The working world is a strange place. You work in a zillion crappy jobs for most of your life, and then, if you're very, very lucky, you find the right
job. You go along for a year or two, thinking you've got it made, being glad to get up every morning and go to work. Then....some life-changing event fetches you upside the head with a two-by-four, and you find yourself in the mud, sprawled on your assets and wondering what the deuce happened.
In thirty-five years of working, it never once occurred to me that I would ever need the Americans with Disabilities Act. I never thought I'd have to be treated as a special case in order to perform my job at an acceptable level. Every workplace has its sad sacks who can only do day shift, or work in a single department, or work only a few days per week; some folks feel sorry for them, while others ignore them or even bully them.
I just joined them. Next week I'm starting a four-day week because my company has decided I need more time off because of concerns over my mental health. I'm good with that; in nursing, five-day weeks are hell, and they wear me out. It's the reason
for going to four-day work weeks that galls me, as does the fact that several people from the upper echelons have told me that they expect me to use the extra day to "rest and rejuvenate" (their words, not mine).
As much as I'd like for altruism to be the driving force here---and there is
some genuine worry on the company's part because they know me well and have always liked me---I've been on the business end of things enough to know that this isn't all about making Viva happy. It's about the fact that they see me as a potential ADA issue and need to show that they are working with me; if they were to fire me without having at least attempted to accommodate my 'disability', they'd be toast because they have no other reason to let me go.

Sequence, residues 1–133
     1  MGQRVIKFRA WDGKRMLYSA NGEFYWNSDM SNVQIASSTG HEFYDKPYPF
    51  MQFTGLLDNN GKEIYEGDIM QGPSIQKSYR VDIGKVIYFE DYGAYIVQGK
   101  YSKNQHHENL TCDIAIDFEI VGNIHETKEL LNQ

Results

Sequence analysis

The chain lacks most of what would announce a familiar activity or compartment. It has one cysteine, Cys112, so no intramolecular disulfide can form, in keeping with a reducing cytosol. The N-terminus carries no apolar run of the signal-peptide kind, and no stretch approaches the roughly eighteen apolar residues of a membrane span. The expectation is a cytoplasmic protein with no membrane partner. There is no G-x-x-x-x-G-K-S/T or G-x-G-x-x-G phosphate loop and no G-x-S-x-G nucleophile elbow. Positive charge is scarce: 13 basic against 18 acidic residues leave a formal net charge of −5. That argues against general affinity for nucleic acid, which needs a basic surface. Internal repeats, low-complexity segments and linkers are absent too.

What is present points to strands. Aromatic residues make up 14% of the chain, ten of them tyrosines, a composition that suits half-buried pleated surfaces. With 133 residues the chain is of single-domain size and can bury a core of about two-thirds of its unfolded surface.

Don't get me wrong. I'm grateful for the help, not only because I fear being 50-something and jobless in this economy, but because I really do like my job and want to stay there until I'm done with nursing. It simply feels like something fundamental has shifted in my work life, and it will never go back to what it once was. I'm branded now.....I'm someone who "needs accommodations". And that feels really, really weird.
So, how many of you are working under similar conditions? Does your employer work with you willingly as mine is doing, or did they have to be dragged kicking and screaming into the 21st century? What sort of accommodations do you need---restrictions on physical activity, time off for medical appointments, a quiet space in which to work, reduced hours? And how is this helping you succeed on the job---if it helps at all? Inquiring minds want to know!
Not recently, but at a prior place of employment, I requested & received reasonable accommodations without having to go into the specifics of my Dx. I was in counseling once per week for 1.5 hours at a time. I had an 8 to 5 job with 1 hour for lunch. I requested to work until 5:30 (no commute, the counseling was in the same bldg. an elevator ride away) and take an extended lunch to on those days instead of using all my sick time.
Last edit by mariebailey on Feb 18, '13
: Reason: correction
Feb 18, '13
by Esme12, ASN, BSN, RN
ME? I have not found the workplace so forgiving. I pray that it is not going to be true for you as well.
((HUGS)) my friend
Last edit by Esme12 on Feb 18, '13